No danger too small
Before we explore the topic of fireworks, you should know what exactly falls under the “fireworks” label. The Consumer Product Safety Commission (CPSC) says fireworks include shells and mortars, multiple tube devices, Roman candles, rockets, sparklers, firecrackers (50 milligrams or less of powder), and novelty items, such as snakes, ground spinners, fountains, and party poppers. What’s in those fireworks is one of the fascinating facts about fireworks you never knew.
More than an Band-Aid
The stats don’t lie: Fireworks have fuses that need to be ignited, and when there is fire involved there is an inherent danger. Not surprising, burns were the most frequent injury reported in emergency rooms, accounting for 44 percent of the estimated injuries in the newly released 2018 CPSC Fireworks Report; contusions and lacerations followed at 28 percent. When you light or hold a firework in your hand, that puts hands and fingers in the direct line of fire. Not surprisingly, hands are the most injured body part, accounting for 28 percent; legs are often in close proximity to fireworks that tip over, which may account for 24 percent of the injuries. Heads placed over lit fireworks or while re-lighting a dud can lead to injuries of the face, including eyes, and resulted in 19 percent of the estimated 5,600 injuries in 2018.
Gunpowder in fireworks has explosive and propellant properties that are extremely dangerous. It’s anyone’s guess how much gunpowder and other substances could actually be in illegal fireworks or how dangerous and life-threatening they could be. These type of fireworks aren’t just the ones in brown paper packaging, but ones that are banned for consumer use. Take the M-1,000 for example. It’s a large firecracker type of firework used by professionals in public displays. Once ignited it explodes almost instantaneously, making it extremely dangerous. Make sure you’re in one of the states where fireworks are legal before buying one.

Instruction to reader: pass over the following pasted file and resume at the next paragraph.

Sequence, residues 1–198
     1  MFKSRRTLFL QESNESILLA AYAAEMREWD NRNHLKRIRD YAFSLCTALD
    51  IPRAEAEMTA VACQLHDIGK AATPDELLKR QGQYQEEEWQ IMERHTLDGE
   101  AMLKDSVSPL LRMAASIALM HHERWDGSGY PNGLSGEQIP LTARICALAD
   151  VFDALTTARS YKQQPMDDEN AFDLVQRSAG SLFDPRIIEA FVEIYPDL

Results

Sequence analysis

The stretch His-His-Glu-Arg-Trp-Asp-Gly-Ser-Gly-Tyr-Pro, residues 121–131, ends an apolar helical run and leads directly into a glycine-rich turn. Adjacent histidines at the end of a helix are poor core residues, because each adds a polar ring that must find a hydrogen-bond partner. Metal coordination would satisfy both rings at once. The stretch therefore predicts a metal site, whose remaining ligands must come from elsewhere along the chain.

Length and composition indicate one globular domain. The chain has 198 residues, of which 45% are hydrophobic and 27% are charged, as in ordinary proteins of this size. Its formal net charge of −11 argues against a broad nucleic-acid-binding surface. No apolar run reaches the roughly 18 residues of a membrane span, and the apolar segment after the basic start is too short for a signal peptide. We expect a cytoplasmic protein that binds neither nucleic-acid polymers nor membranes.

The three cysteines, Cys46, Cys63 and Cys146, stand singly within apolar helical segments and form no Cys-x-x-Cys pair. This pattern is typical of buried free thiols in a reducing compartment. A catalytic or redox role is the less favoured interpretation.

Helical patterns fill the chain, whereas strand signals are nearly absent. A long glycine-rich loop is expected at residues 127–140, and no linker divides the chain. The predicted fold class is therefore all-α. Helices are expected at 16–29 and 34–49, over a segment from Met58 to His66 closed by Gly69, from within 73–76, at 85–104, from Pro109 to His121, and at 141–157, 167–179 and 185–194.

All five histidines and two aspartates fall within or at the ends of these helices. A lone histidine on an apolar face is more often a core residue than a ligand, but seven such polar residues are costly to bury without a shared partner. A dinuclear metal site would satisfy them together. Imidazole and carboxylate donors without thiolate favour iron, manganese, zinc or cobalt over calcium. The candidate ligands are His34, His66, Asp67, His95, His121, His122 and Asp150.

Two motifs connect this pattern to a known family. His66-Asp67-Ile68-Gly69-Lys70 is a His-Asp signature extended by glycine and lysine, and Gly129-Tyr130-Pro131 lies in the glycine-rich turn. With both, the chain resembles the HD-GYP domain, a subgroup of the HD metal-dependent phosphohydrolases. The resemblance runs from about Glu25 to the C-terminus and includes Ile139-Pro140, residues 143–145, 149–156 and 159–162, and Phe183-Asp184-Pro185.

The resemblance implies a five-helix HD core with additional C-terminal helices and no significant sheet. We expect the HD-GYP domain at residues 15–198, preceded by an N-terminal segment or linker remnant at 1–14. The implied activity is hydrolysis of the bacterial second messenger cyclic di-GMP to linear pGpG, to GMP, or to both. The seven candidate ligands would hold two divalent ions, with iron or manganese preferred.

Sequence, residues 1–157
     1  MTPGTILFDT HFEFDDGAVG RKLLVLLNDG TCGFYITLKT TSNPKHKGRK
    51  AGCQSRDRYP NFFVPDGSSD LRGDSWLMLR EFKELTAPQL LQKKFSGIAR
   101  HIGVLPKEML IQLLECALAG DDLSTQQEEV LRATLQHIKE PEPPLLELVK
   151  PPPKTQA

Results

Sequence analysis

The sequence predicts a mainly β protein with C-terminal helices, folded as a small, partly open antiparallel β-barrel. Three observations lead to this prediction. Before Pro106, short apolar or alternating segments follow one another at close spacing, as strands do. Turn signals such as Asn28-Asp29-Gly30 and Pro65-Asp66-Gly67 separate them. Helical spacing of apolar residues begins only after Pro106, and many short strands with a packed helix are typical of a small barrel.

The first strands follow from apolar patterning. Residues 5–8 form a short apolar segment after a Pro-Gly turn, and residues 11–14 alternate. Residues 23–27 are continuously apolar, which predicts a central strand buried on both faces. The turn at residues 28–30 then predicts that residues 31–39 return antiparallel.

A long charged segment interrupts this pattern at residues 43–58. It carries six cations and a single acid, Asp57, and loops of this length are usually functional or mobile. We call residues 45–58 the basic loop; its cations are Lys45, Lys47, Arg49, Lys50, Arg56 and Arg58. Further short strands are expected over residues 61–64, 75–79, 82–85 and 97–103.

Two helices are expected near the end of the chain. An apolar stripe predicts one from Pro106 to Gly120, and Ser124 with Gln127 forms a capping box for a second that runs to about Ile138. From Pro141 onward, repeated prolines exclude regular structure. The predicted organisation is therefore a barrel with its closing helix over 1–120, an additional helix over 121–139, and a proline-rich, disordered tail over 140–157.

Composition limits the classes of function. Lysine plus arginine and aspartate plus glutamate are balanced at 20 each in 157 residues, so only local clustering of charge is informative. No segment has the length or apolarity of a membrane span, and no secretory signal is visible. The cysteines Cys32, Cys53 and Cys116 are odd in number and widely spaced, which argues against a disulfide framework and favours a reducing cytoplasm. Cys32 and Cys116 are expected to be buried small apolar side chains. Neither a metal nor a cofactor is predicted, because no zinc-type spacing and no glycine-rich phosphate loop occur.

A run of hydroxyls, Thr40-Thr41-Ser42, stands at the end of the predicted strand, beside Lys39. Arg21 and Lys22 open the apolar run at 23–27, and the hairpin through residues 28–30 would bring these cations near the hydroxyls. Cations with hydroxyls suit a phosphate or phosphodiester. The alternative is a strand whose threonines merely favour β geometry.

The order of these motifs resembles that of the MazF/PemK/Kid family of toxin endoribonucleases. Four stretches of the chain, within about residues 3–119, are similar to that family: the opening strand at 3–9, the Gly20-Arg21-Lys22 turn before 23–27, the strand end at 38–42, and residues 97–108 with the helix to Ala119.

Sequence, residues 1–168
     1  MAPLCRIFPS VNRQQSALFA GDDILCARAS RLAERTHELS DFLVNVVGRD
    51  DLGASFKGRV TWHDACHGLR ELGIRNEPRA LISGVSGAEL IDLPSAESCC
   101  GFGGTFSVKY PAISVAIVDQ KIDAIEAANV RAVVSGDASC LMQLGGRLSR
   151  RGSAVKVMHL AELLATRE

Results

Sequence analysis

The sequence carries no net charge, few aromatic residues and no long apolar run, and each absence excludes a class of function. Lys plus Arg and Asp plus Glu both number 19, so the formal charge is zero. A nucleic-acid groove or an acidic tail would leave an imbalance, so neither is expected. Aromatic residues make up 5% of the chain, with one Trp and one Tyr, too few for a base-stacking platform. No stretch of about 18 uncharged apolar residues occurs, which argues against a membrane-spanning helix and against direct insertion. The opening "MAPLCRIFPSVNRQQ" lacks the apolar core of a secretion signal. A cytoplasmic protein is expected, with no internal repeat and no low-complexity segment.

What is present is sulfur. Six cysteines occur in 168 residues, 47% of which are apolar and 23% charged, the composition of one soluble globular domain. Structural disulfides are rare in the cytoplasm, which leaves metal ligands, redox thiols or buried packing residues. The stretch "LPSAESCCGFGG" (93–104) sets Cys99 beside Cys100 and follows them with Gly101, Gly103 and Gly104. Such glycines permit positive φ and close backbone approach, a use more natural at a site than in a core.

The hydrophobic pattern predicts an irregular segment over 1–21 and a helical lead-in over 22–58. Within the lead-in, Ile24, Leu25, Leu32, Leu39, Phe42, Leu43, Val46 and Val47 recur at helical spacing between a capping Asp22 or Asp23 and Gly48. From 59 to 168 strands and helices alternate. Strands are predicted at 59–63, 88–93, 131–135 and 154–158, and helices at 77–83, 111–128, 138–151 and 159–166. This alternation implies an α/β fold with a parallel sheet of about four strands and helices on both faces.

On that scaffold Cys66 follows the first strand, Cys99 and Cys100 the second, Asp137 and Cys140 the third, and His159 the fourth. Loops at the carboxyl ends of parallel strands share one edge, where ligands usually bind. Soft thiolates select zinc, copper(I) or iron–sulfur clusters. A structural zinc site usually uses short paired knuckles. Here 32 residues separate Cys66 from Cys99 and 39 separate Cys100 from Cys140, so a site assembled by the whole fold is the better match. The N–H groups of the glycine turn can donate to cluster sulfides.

Firecrackers are generally short and explode quickly, putting the body in harm’s way. Firecrackers caused about 1,000 injuries to the fingers or hands requiring visits to the emergency room visits in 2018. They can be bought as a single firecracker or often sold strung together in packs of 16. Lighting a firecracker while holding it by the hand is not safe. “Thermal heat causes burns and in extreme cases, firecrackers can explode in someone’s hands, which can result in partial or full amputation of their fingers,” says Julie Newhouse, BSN, RN, CEN, Holmes Regional Medical Center emergency department nurse manager. Legal firecrackers are limited to 50 milligrams of explosive composition and contain instructions for use and warnings; illegal firecrackers do not. “Consumers should beware of any firecracker not packaged with warnings and labels as they may be illegal explosives and very dangerous,” says Julie Heckman, executive director, American Pyrotechnics Association.
Reloadable aerial shells with tubes aren’t legal in every state, but in the states where they are legal, they’re popular because they have the “ooh” and “ahh” factor like the fireworks you might see at a public display. “They let the amateurs feel like a pro on the Fourth of July,” says Heckman. “But these are not toys! Misusing these devices can cause serious injury, so please follow and adhere to instructions for use.” And that’s where the danger comes in—not following the instructions. According to the CPSC report, a victim put a mortar shell into a launching tube but didn’t place it on the ground. Instead, he lit the fuse and held the tube in his hand. The firework exploded in the tube and the victim died of blunt force injury to the chest. In fact, injuries sustained from reloadable fireworks accounted for five deaths and 700 estimated injuries in 2018.